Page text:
Page:Democracy in America (Reeve, v. 1).djvu/156

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ecutive, in urgent cases, has not, however, been bestowed on the same judges in all the States. The Anglo-Americans derived the institution of Justices of the Peace from a common source; but although it exists in all the States, it is not always turned to the same use. The justices of the peace everywhere participate in the administration of the townships and the counties[1], either as public officers or as the judges of public misdemeanours, but in most of the States the more important classes of public offences come under the cognizance of the ordinary tribunals.

The election of public officers, or the inalienability of their functions, the absence of a gradation of powers, and the introduction of a judicial control over the secondary branches of the administration, are the universal characteristics of the American system from Maine to the Floridas. In some States (and that of New York has advanced most in this direction) traces of a centralized administration begin to be discernible. In the State of New York the officers of the central government exercise, in certain cases, a sort of inspection or control over the secondary bodies[2].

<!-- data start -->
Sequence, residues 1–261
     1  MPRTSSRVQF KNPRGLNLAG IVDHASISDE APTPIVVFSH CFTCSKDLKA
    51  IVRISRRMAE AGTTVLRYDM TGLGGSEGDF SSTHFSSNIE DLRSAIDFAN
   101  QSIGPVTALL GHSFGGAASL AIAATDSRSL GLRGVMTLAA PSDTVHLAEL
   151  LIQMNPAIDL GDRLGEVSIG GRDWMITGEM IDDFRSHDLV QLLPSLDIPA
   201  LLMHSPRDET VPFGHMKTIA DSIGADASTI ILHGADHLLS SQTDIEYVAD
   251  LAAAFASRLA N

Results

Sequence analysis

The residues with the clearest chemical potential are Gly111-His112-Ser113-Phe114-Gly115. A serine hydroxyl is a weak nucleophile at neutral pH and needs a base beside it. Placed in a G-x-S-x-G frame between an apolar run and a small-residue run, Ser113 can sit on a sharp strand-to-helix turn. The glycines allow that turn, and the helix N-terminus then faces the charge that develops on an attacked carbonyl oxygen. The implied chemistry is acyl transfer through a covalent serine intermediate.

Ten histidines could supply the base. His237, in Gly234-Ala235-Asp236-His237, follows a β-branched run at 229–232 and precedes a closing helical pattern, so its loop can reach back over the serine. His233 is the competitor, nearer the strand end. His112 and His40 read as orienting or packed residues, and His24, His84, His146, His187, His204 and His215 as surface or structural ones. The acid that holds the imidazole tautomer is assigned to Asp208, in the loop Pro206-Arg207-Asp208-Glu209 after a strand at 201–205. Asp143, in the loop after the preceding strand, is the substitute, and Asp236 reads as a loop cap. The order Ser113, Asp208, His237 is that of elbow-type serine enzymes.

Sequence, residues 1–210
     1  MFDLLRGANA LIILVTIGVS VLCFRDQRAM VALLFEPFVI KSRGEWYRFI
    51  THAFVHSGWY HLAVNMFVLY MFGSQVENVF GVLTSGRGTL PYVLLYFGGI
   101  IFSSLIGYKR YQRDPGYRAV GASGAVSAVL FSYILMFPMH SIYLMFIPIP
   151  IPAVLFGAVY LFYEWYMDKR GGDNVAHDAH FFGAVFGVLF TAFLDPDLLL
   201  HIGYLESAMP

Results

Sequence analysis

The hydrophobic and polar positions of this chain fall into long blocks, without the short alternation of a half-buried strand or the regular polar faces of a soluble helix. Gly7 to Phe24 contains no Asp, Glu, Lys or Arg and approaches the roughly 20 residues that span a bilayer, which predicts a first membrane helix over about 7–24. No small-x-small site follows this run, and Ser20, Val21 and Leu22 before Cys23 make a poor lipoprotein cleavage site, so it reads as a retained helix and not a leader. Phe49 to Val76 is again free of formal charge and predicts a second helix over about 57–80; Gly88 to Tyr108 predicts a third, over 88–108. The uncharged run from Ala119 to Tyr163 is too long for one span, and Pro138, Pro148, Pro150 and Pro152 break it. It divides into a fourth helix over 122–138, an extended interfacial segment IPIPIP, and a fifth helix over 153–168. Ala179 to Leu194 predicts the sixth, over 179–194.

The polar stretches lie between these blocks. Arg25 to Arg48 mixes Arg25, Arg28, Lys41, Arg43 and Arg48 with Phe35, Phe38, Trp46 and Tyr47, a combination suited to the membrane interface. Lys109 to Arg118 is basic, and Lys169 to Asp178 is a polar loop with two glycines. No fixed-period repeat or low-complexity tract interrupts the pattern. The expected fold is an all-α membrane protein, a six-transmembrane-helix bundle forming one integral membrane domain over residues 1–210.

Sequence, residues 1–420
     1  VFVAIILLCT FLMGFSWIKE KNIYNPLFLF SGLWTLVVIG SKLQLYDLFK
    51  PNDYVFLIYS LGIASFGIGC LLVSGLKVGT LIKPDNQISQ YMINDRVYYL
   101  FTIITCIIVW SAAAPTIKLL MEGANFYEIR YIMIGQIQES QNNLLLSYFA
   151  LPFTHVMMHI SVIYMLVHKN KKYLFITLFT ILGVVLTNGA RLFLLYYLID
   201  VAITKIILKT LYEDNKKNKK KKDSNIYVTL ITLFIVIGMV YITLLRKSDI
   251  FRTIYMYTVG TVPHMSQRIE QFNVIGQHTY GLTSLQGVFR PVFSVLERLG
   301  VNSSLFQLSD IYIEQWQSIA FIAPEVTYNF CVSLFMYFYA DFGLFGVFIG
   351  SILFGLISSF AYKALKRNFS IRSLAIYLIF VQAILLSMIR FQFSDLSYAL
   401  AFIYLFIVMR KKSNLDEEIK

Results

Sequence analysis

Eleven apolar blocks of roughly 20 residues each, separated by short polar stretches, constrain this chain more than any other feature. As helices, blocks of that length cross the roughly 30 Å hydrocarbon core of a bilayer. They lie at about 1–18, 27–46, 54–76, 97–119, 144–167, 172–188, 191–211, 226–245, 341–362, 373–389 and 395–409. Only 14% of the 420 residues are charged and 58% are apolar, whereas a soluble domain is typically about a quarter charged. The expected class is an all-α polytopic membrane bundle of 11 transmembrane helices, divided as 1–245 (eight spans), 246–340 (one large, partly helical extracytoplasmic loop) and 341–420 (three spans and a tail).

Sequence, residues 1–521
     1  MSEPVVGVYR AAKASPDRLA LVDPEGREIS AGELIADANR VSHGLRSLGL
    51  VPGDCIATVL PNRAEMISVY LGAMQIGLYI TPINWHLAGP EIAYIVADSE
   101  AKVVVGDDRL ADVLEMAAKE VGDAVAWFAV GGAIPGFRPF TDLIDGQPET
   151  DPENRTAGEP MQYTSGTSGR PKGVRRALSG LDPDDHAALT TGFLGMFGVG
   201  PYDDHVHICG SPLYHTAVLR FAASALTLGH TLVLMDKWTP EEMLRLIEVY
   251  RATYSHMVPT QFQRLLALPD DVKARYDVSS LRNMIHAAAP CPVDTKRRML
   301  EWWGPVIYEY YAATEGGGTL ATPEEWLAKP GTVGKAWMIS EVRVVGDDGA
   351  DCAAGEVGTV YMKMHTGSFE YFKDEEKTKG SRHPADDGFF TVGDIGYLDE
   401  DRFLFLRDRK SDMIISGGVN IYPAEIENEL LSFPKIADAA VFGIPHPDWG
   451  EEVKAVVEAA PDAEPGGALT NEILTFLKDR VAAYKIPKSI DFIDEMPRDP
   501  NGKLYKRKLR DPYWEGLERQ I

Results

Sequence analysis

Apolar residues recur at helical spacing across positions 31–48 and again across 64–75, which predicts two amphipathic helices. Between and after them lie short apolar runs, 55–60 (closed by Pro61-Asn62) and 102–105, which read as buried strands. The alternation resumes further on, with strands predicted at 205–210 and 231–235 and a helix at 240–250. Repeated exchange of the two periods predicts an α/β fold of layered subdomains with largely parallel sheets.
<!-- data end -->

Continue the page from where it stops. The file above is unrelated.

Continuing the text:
1. In some of the Southern States the county-courts are charged with all the details of the administration. See the Statutes of the State of Tennessee, arts. Judiciary, Taxes, &c.
  2. For instance, the direction of public instruction centres in the hands of the Government. The legislature names the members of the University, who are denominated Regents; the Governor and Lieutenant-Governor of the State are necessarily of